Sixty city blocks. A world apart.
Blocks from where Occupy Wall Street protesters marched Monday to mark the first anniversary of the movement, Apple iPhone 5 customers began camping out to be among the first to buy the new phone. The line formed four days before the phones actually go on sale.
A buzzword among “Occupy” protesters is “corporate greed.” More than once have we seen that term used in news stories without the quotation marks — despite being a subjective, politically charged term. (We never see “government greed” in news stories, with or without the quote marks.) Another favorite term of the marchers is “income inequality.”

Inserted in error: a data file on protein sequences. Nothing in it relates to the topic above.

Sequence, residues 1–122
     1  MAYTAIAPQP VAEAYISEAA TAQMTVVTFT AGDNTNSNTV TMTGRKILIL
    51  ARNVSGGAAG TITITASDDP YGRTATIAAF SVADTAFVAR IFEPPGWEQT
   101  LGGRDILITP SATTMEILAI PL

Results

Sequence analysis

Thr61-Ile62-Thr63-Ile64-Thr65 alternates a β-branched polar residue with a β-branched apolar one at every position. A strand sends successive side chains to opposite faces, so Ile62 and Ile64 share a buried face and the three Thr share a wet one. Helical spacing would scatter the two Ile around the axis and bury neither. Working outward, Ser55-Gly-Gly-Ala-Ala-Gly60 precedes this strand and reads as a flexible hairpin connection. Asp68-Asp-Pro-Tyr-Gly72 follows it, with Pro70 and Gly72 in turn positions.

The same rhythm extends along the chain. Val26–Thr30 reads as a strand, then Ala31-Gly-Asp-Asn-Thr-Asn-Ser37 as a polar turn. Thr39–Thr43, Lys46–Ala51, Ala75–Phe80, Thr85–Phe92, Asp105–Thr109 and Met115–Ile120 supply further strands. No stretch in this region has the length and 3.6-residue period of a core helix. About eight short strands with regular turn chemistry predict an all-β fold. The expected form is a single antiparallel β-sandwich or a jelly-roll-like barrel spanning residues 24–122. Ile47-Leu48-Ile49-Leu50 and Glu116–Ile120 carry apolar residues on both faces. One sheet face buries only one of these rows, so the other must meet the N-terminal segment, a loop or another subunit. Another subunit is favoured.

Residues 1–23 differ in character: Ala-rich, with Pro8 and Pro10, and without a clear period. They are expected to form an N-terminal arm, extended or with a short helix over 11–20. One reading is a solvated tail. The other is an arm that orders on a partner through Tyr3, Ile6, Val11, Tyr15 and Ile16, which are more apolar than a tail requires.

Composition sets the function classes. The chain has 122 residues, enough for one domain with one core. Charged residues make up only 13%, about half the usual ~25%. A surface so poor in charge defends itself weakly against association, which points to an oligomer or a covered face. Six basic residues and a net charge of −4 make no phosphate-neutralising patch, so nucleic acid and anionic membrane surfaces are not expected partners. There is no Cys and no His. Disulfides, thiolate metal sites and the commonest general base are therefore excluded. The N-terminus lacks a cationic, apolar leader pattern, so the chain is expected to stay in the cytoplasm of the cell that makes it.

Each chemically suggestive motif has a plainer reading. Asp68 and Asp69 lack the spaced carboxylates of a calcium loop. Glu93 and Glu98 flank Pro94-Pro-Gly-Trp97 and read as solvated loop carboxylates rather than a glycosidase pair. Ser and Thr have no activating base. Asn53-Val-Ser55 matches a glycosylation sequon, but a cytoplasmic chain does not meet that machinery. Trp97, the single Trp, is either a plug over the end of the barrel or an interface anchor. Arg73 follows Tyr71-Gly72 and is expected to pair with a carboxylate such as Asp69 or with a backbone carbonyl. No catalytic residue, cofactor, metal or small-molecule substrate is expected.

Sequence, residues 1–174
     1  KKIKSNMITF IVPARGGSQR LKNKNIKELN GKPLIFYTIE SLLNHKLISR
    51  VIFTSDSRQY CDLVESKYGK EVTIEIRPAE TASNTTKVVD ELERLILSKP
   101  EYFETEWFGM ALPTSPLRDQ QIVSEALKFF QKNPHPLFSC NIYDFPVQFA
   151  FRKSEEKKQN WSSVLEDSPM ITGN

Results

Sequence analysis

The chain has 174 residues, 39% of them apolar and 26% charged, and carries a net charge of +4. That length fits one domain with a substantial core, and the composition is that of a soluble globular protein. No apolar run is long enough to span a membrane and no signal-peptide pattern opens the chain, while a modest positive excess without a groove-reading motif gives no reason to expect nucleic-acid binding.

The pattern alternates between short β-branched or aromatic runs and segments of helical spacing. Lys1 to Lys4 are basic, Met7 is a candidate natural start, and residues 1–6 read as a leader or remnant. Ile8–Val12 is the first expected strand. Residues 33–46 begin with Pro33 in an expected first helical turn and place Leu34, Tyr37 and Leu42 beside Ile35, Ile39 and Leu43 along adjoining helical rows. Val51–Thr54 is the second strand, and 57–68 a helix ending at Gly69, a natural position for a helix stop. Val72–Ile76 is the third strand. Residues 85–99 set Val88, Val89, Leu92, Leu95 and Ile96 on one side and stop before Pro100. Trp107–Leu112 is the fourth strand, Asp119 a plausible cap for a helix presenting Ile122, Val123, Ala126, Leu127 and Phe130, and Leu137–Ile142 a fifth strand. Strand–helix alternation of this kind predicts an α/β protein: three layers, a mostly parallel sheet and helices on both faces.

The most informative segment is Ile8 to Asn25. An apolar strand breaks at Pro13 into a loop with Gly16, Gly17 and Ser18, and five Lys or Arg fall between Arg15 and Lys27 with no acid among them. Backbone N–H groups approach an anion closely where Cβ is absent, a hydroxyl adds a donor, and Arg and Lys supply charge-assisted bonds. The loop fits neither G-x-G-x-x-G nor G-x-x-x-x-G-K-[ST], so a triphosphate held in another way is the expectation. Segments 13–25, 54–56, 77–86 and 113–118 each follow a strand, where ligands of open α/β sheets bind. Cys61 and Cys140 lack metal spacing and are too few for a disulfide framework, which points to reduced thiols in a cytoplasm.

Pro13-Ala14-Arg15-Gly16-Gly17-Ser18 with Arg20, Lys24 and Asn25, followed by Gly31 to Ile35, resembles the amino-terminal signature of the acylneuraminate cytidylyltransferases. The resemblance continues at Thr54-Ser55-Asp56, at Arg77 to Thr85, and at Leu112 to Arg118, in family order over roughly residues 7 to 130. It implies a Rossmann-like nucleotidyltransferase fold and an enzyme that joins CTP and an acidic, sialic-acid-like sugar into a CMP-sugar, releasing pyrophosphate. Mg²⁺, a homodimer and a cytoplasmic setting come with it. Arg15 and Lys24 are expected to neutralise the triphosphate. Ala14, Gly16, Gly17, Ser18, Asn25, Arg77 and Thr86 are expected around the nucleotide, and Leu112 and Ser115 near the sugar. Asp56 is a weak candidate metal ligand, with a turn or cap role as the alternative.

This year's anemic “Occupy” march drew a sharp contrast. Instead of filthy crowds squatting in Zuccotti Park near Wall Street, as happened last year, the campers this year were up along Fifth Avenue at the flagship Apple store. Demand for Apple products and enthusiasm for the latest iteration of the phone pushed Apple's stock price to record highs.
Corporate greed? No. Supply and demand.
Income inequality? One unlocked version of the new iPhone will cost more than $800. Some will pay it nevertheless because they want the phone.